The Long Riders' Guild

Long Rider Journeys from Canada to Patagonia

The Long Riders’ Guild was contacted in 2011 by a young man with a dream. Five years and sixteen countries later, he found his answer at “the bottom of the world.”

When Filipe Masetti Leite was a child, his father, Luis, read Tschiffely’s Ride as a bedtime story to the impressionable little boy. Originally from Brazil, the family had resettled in Canada, where Filipe grew up and attended university. After obtaining a degree in journalism, Filipe faced a difficult choice.  Should he get a job, marry his girlfriend and settle down to the type of predictable life which his friends had chosen? Or should he consider undertaking the equestrian journey which his father had longed to make but had been unable to attempt due to family obligations?

Filipe decided that his father’s lifelong dream, inspired by Aimé Tschiffely’s 1925 ride from Buenos Aires, Argentina to New York, USA, was more important than rushing to join the traditional work force.

Seeking guidance and information, Filipe contacted the Long Riders Guild in August, 2011.

“My father sent me the link to a website that held the story of our beloved hero, Aimé Tschiffely, the most famous Long Rider of all time. He googled ‘Man rides from Buenos Aires to America’ one night and the Long Riders Guild link was the first one to come up. After reading through the story he loved so much, my father explored the website and found that there were other Long Riders just like Tschiffely all over the globe. I was as amazed as my father that there were still men and women making Long Rides out there. After a few weeks studying the site, I mustered the courage to email the Guild's founder, CuChullaine O'Reilly. I was very scared because this Long Rider and journalist is the most knowledgeable human being when it comes to the subject of equestrian travel. I was hesitant to tell CuChullaine about my plans, because I had never done this before.  Yet I was about to attempt one of the hardest rides to date. What if CuChullaine laughed at me or thought I was stupid. Luckily, he didn't!” Filipe wrote.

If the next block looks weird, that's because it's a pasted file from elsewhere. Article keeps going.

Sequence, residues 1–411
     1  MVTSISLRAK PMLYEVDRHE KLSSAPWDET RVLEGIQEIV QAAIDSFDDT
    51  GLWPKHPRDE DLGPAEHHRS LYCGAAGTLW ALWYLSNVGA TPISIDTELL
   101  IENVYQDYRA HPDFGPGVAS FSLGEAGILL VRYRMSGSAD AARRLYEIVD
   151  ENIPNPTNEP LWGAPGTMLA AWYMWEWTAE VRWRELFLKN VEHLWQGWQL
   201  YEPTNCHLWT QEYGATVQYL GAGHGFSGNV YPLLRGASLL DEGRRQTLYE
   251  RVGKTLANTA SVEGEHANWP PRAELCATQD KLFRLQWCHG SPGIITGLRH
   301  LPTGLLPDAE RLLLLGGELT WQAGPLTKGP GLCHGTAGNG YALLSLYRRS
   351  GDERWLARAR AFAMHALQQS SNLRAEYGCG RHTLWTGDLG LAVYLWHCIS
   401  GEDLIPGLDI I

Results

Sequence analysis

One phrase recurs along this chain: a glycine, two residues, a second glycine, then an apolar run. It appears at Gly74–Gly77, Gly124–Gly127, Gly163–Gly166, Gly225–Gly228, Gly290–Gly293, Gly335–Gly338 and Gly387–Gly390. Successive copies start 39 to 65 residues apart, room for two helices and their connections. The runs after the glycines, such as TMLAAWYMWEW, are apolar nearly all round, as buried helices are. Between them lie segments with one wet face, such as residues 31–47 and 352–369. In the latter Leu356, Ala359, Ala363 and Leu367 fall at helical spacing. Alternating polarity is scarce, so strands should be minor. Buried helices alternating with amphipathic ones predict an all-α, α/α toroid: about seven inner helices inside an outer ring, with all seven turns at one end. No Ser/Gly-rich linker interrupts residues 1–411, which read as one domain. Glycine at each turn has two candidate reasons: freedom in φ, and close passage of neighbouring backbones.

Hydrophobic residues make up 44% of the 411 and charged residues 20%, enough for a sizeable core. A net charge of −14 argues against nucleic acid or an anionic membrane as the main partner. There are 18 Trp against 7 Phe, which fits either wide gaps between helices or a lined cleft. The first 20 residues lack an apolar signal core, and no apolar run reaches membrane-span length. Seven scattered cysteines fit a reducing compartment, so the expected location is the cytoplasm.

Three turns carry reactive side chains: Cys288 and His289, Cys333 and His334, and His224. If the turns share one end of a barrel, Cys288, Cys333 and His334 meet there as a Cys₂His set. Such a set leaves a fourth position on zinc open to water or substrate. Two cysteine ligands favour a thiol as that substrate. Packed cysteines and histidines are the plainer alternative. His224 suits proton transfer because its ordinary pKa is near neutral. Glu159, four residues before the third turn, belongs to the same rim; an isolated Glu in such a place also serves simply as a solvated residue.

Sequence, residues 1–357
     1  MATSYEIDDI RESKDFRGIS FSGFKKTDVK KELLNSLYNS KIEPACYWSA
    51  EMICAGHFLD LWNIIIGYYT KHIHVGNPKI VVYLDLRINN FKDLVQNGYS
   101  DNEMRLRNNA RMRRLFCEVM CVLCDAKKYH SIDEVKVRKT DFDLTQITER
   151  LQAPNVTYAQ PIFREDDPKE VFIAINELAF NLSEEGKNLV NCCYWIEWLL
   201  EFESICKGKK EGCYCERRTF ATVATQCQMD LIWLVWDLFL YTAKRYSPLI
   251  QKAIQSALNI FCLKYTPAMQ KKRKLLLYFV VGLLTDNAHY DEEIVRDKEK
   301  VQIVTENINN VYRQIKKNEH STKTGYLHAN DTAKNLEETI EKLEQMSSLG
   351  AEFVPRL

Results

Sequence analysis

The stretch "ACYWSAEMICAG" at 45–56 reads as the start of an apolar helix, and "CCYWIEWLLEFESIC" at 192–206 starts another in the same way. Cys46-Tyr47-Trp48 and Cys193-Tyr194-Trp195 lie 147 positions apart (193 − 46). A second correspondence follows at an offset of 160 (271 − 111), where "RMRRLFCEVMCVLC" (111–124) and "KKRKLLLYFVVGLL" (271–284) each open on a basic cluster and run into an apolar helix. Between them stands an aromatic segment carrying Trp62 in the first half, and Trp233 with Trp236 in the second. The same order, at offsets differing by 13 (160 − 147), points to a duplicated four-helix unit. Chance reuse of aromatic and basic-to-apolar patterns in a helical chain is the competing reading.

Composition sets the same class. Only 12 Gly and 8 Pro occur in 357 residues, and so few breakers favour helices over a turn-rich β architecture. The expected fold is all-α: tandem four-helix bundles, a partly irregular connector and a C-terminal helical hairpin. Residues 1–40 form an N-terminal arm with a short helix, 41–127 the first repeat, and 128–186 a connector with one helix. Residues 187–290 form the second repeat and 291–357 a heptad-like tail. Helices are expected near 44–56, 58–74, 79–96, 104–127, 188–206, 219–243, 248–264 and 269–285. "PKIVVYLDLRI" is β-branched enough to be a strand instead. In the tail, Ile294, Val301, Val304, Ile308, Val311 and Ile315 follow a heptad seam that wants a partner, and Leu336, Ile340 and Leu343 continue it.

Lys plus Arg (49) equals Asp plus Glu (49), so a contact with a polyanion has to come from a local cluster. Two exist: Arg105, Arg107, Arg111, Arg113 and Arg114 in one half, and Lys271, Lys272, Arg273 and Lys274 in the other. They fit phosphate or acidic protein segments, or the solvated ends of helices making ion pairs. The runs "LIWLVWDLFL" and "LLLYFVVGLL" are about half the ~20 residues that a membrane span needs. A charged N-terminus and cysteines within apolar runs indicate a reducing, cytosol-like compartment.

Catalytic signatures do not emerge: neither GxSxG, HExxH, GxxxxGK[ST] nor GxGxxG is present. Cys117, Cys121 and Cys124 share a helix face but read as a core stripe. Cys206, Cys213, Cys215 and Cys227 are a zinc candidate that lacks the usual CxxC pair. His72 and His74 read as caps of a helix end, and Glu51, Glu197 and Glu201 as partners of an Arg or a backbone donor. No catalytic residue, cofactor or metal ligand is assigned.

In fact the Guild began immediately began organizing an international effort to assist Filipe. German Long Rider Günter Wamser, who rode from Patagonia to Alaska, Canadian Long Rider Bonnie Folkins, who rode in Mongolia and Kazakhstan, Brazilian Long Rider Pedroca de Aguiar, who had journeyed extensively in South America and American Long Rider Bernice Ende, who had made many equestrian journeys in the American west, all agreed to act as Filipe’s mentors and provide him with valuable information.

In conjunction with the Long Riders’ Guild, Basha O’Reilly, the Executor of the Tschiffely Literary Estate, endorsed Filipe’s dream of emulating Aimé Tschiffely.

The young traveller began his journey on July 8, 2012. After going through twelve countries, 240 horse shoes, and spending two years in the saddle, Filipe reached his family’s home in Brazil in 2014.

But after resting for a year, the Long Rider set his sights further south. Like his inspiration, Aimé Tschiffely, Filipe decided to journey to Tierra del Fuego, often known as “the end of the world.” He set off in April, 2016. The subsequent journey was filled with unexpected delays and hardships.

Though Filipe began the journey with two Quarter Horse mares, the government of Uruguay refused to allow the Brazilian horses to enter. This required Filipe to borrow local horses to ride across that country. Chile refused to permit him to enter under any circumstances. So he headed south into Argentina, this time obtaining the long-term loan of two Criollo horses.

The journey was imperilled when Filipe was forced to ride across miles of pampas that had been burned by a wild fire. Scores of animals lay dead and local people were hard pressed to host the weary traveller. As he rode further south, Filipe encountered harsh winter weather (top right).

Finally, on July 8th, five years to the day since he began his ride in faraway Canada, Filipe rode into the city of Ushuaia, Argentina. He had carried the Long Riders’ Guild flag through sixteen countries and sixteen thousand kilometres lay behind him.

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